It was later revealed that at the approximate point where the transponder was no longer heard, primary military radar detected the airliner suddenly climbed from 35,000 feet to 45,000 feet altitude, and then plunging to 22,000 feet. Still later, it was revealed that the aircraft's ASRS system was operating at the basic level, revealing that the aircraft continued flying until the last signal from that system occurred at 08:11. That was about an hour after it was scheduled to arrive in Beijing, and about the time that the reserve fuel from the planned flight would have been exhausted.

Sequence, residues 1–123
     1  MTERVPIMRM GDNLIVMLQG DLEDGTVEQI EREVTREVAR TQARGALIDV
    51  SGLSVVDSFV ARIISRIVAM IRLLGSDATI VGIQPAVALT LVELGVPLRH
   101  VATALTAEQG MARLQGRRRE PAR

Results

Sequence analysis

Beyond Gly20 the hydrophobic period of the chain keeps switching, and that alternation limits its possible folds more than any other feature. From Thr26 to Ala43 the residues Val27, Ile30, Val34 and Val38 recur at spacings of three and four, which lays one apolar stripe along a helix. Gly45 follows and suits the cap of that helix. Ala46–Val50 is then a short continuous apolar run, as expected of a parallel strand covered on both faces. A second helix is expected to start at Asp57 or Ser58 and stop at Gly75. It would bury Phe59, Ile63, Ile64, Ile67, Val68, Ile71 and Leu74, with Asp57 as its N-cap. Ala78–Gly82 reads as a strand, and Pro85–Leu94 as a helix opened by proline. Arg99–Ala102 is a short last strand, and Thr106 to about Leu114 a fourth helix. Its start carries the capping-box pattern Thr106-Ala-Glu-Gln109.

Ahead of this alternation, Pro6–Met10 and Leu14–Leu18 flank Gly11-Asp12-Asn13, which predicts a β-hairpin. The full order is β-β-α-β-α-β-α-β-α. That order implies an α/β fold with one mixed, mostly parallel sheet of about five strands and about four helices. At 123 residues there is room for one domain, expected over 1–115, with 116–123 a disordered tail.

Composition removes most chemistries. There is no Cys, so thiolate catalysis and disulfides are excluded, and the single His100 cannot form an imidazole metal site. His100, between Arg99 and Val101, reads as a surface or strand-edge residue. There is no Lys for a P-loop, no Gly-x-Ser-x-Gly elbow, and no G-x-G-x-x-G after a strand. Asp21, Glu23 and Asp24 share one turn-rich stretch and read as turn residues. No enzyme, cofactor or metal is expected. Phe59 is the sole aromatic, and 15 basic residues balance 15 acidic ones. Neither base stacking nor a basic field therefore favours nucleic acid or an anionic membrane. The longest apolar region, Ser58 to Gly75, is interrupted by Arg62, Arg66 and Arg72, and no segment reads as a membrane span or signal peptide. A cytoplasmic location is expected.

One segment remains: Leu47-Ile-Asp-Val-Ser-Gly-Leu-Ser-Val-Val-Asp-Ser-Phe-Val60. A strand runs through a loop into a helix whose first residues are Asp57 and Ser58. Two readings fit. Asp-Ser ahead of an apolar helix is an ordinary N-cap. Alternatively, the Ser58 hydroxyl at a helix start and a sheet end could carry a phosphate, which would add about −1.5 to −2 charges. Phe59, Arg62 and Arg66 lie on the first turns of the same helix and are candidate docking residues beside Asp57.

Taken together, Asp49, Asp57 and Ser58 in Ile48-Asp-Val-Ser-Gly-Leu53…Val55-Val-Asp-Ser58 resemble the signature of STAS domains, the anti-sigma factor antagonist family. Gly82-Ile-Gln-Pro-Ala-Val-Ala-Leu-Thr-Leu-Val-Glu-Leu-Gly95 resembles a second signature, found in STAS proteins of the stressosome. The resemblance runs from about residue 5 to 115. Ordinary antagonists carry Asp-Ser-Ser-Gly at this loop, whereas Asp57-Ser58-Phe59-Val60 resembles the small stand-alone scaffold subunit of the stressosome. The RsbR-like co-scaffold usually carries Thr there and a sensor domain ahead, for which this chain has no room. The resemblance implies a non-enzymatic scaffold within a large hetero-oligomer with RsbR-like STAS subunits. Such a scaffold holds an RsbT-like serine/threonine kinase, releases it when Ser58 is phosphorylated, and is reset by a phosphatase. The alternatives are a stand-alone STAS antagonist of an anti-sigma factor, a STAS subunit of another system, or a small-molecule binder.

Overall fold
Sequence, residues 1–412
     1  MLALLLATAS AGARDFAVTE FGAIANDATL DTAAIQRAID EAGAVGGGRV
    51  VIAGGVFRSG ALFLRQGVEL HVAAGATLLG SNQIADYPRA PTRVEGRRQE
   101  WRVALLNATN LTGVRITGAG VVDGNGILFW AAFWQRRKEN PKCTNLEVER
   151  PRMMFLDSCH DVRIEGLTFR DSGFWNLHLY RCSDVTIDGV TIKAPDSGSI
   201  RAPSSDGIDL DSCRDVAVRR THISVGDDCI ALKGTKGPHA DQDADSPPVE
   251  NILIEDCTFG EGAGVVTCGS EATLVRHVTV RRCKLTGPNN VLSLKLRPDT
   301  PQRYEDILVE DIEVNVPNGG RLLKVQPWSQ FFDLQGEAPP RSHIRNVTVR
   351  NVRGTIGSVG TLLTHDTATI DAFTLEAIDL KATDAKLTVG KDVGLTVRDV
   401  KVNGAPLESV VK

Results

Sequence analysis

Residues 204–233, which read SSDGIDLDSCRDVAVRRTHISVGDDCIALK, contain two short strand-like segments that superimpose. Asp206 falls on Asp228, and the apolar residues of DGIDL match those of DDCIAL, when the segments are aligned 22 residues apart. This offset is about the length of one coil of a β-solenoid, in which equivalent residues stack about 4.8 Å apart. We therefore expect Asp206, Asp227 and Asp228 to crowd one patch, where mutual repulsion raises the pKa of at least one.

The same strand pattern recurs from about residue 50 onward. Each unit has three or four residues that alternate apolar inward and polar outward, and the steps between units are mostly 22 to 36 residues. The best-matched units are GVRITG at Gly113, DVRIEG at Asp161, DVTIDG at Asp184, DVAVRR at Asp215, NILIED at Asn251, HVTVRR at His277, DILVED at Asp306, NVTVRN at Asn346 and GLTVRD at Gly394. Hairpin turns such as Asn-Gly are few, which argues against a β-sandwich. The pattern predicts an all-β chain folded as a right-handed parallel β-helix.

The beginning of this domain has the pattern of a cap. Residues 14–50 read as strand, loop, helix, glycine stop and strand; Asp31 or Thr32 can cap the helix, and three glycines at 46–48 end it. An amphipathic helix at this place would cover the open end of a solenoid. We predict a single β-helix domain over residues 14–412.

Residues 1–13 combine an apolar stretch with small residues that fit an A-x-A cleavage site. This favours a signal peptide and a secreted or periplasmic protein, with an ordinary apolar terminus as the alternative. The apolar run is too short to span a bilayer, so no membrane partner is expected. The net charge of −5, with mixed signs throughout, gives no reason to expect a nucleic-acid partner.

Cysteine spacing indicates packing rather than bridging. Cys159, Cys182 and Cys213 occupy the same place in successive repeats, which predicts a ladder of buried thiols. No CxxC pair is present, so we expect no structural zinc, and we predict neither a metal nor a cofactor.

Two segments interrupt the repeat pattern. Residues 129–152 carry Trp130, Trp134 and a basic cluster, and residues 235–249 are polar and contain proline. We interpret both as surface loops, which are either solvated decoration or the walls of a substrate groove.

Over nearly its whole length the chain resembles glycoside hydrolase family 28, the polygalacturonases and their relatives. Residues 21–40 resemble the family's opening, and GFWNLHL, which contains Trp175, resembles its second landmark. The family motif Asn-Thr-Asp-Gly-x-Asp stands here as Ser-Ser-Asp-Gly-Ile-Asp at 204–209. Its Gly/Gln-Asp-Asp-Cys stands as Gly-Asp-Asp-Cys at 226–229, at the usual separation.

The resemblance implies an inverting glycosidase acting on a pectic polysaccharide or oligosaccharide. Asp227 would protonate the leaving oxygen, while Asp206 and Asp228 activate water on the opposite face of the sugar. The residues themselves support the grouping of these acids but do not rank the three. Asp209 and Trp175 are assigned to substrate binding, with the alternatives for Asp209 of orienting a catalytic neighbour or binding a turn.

Evaluation of Events
Transponder. It is highly unlikely that they failed, since they are highly reliable, and rarely fail. For that reason alone, deliberate actions were taken, further supported by the sudden change in direction. Almost from the first day, it became obvious that Malaysian Airlines was experiencing a hostile act. (1) The pulling of the transponder circuit breakers; (2) the turn of the aircraft of approximately 150 degree to the left, and then westward into the vast Indian Ocean.